• Jennifer

About Autism


First, I'd like to apologize for the recent radio silence. Long story short, there's been some personal situations keeping me a bit busier than usual. But we're back in time for Autism Awareness Month (or at least the second half of it)

Like with cerebral palsy, this first post is intended more for those who aren't familiar with the disorder at all (though it still might have some interest for other readers). Next time I'll talk about how music therapy can be used to treat autism. I think I'll break up the "resources" section into two posts, though-- because if you thought the Cerebral Palsy Resources list was long then you haven't seen anything yet. I've got a few other projects underway that I'm hoping you all will find helpful, but more on that later.

Autism is a lot more in the public eye than it used to be-- if you don't believe me, take a look at who just joined Sesame Street:

(I'm a big fan of this development, by the way. And it looks like the folks at Sesame Street really did their research to get everything right. The puppeteer for Julia is actually the mother of a child with autism herself.)

Even so, there's still a lot of misinformation about Autism out there. For example: No, autism absolutely is not caused by vaccinations. It often manifests around the same age where children receive vaccinations, hence the confusion, but the original study that claimed this used inaccurate data. Even if vaccines did cause autism, I'd rather have a healthy child with autism than a non-autistic child who died young of a preventable illness. Though the fact that I have to make that comparison is pretty awful in itself, because as someone who has many friends (and clients, and role models) who have autism, the idea that autism is something to be so feared is kind of offensive. (That being said, most of the people who are spreading that rumor aren't malicious--they are parents who either fear something they don't understand or are trying to cope with a crisis that they don't know who to blame for.)

Part of the problem is that there is still so much we don't understand about autism. We don't really know what causes it, and we're still piecing together what is actually happening in the brains of those who have autism.

So what do we know?

Autism Spectrum Disorder (ASD) is a difference in brain functioning that can affect how people perceive and interact with the world. With some people, this can include developmental delays--but not everyone. If you go to a school for special education you will find plenty of kids with autism, but if you go to the science or art departments at a university you will find plenty of individuals with autism there, too.

Autism can affect the development of social and communication skills, as well as sensory processing. Different individuals will have different areas of deficits, however:

There is some really interesting research on what causes all of these differences in brain functioning. One study done in 2005 suggests that individuals who have autism have a dysfunctional mirror neuron system--I'm seriously oversimplifying, but basically that's the part of your brain that learns by observing other people's movements and behavior.

More recent studies have found structural differences in the brains of individuals with autism (particularly in the basal ganglia, which relates to movement) and weaker connections between the frontal lobe (which controls planning and decision making) with the sensorimotor cortex (which controls interpreting what you see and hear and feel as well as movement.) There are some other theories out there, but nothing that covers all of the diverse pieces that make up autism as of yet.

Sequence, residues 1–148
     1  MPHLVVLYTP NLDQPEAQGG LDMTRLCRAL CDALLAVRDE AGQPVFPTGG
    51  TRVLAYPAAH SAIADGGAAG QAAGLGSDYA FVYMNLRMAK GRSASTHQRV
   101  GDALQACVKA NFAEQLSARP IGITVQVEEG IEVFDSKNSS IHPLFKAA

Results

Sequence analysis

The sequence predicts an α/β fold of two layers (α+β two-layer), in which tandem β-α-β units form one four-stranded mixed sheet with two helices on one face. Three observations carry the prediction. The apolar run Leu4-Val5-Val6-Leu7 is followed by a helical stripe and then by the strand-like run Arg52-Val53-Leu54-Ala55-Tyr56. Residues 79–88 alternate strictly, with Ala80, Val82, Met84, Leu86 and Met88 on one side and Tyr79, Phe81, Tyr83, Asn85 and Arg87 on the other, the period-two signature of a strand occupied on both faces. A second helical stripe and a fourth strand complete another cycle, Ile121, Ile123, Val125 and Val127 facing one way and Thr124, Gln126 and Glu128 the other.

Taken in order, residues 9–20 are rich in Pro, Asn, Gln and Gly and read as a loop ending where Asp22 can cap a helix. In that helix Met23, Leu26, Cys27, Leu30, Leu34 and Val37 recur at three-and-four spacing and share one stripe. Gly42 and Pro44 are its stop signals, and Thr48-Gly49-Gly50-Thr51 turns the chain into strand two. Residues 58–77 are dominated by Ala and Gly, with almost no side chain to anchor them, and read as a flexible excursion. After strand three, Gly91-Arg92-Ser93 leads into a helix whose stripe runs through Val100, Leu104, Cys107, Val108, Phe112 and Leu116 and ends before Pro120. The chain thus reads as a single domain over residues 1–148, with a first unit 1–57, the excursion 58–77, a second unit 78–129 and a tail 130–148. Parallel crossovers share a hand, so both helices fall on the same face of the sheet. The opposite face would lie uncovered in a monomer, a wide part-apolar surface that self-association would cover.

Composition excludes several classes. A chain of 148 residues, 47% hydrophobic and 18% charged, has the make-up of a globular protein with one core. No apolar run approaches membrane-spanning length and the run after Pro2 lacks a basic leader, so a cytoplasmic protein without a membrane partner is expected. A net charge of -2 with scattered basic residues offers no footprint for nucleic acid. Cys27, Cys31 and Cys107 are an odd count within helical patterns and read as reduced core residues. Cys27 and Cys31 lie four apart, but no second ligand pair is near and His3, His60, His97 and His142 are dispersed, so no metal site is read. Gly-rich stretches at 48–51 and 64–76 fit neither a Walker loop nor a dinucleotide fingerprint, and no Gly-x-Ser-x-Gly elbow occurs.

Autism Spectrum Disorder can't be cured. Some people who have it say they wouldn't want a cure anyway--having autism means having a unique way of perceiving the world and that can be a good thing. But there are therapies and treatments that can help deal with the deficits involved. Music therapy is one (but we'll talk more about that in the next post). One of the most effective is Applied Behavior Analysis, or ABA therapy, which involves breaking down the parts of learning and figuring out which parts are most effective for an individual. (In practice, this can range from giving an individual a piece of candy every time they follow an instruction to setting up a reward system for completing tasks at work) Speech Therapy, Occupational Therapy, Movement Therapy, and Play Therapy are also effective treatment tools.

I actually just attended a conference on autism at UVU-- which was excellent, and will be informing the resources section. One of the presenters, Ron Suskind (who wrote Life, Animated, which is now also an excellent movie about a family learning to deal with autism) talked about something called "affinity therapy". While I hadn't heard the term before, what I understand is very much in line with my own philosophies on therapy for all individuals. Basically the idea is that you start with a person's "affinity" or interest (many individuals who have autism will have one thing they are very interested in-- which could be Disney movies, or dinosaurs, or maps, or vegetables, or Halloween, or space, or anything really) and using that as a pathway to developing communication and social skills. I'm definitely going to be learning more about this, and will likely share some of what I learn on here.

And that's a wrap for now! We'll be back soon with information on music therapy and autism. In the meantime, have a Happy Easter from Aim High Music Therapy!

#autism

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